Wednesday, December 8, 2010

Wild Fish Conservancy v. Salazar

Wild Fish Conservancy v. Salazar - Dec 7: In the U.S. Court of Appeals, Ninth Circuit, Case No. 09-35531. The Appeals Court explains that it is "faced once again with the far-reaching effects of federal hydroelectric projects in the Columbia River Basin on the region's native fish species." It says the fish at the heart of this particular controversy is not salmon, as in most of the earlier cases, and the potential threat to its survival and recovery is not a hydroelectric dam but a hatchery project intended to mitigate a dam's impact. The legal action was brought by the Wild Fish Conservancy (the Conservancy), and centers on a biological opinion (BiOp) addressing the effects of the operations of the Leavenworth National Fish Hatchery (the Hatchery) on the bull trout. See U.S. Fish & Wildlife Service, Biological Opinion for the Operation and Maintenance of the Leavenworth National Fish Hatchery Through 2011 (2008) [hereinafter 2008 BiOp].
    The bull trout is listed under the Endangered Species Act (ESA), as threatened throughout its range. The 2008 BiOp, prepared by the U.S. Fish and Wildlife Service (the Service), concluded that the Hatchery's operations from 2006 to 2011 were not likely to jeopardize the continued existence of the bull trout. In a split decision, the majority Appeals Court ruled that, "Because the Service in several respects failed to articulate a rational connection between the facts found and the 'no jeopardy' conclusion, we reverse and remand."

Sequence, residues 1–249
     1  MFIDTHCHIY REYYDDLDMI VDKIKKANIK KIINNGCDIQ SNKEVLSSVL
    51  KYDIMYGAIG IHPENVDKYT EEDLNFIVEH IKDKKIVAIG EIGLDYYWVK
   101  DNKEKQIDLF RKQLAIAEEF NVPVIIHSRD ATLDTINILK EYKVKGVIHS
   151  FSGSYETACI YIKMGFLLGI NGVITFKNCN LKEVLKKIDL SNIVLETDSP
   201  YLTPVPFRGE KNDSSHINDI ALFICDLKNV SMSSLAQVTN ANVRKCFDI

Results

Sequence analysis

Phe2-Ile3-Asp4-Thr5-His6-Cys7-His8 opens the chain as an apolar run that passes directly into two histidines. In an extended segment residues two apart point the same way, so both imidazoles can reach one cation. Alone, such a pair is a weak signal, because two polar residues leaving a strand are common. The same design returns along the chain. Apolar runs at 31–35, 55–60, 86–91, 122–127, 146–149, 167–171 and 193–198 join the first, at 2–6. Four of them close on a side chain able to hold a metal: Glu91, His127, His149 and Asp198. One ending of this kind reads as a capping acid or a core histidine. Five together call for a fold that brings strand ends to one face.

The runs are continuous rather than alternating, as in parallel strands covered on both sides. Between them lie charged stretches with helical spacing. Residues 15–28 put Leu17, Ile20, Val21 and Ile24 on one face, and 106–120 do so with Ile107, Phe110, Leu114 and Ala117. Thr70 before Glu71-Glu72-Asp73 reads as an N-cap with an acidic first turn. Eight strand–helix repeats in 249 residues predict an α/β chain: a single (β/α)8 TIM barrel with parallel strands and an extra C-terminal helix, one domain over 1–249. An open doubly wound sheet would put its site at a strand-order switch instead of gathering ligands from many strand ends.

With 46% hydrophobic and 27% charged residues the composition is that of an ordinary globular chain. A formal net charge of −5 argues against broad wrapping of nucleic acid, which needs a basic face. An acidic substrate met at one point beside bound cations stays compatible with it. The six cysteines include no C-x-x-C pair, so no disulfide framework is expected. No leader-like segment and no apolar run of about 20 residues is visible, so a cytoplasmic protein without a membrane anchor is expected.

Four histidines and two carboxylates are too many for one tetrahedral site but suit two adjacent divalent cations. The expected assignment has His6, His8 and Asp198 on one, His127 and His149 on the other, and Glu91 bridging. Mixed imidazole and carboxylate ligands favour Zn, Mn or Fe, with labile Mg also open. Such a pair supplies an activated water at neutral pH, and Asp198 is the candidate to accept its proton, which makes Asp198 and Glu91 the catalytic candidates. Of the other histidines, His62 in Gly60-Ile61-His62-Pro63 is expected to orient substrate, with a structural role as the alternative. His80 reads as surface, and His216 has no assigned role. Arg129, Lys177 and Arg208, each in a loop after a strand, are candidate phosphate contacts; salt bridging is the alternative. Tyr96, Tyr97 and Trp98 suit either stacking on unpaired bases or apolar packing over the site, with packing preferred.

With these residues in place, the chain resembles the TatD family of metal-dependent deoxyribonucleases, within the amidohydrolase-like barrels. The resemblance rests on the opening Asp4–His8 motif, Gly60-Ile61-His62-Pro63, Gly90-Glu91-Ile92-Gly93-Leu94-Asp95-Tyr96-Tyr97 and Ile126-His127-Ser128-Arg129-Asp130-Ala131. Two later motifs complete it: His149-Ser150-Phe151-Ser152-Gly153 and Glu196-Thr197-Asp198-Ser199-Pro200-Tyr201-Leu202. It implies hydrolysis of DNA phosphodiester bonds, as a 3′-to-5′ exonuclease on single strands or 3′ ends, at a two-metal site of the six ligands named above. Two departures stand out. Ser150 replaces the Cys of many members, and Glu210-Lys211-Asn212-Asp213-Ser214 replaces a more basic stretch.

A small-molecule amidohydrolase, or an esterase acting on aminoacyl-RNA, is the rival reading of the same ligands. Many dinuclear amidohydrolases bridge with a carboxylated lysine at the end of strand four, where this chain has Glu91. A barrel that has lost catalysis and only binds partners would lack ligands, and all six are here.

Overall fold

The majority concluded, "We conclude that the 2008 BiOp is arbitrary and capricious because the Service limited the analysis to a five-year period, failed to articulate a rational connection between the facts found and the conclusions made, and issued an incidental take statement lacking adequate monitoring and reporting requirements. Additionally, the Hatchery violated its substantive duty to ensure that its operations did not jeopardize the continued existence of the bull trout. We reverse and remand to the district court with directions to grant the Conservancy's motion for summary judgment and to grant injunctive relief until the Service complies with its obligations under the ESA."
    The separate, concurring in part and dissenting in part, opinion indicated, "In sum, the Service provided a rational basis for its no jeopardy conclusion. To conclude otherwise requires neglecting the environmental baseline and distrusting agency experts' analysis of the scope and relevance of continued population decline, mitigated by remedial agency action. I therefore disagree with my colleague's conclusion that the Service's analysis in the 2008 BiOp is irrational. For these reasons, I respectfully dissent from Parts II.A, II.B, II.E and III. of the majority opinion, but otherwise concur."
    Access the complete opinion and dissent (click here).

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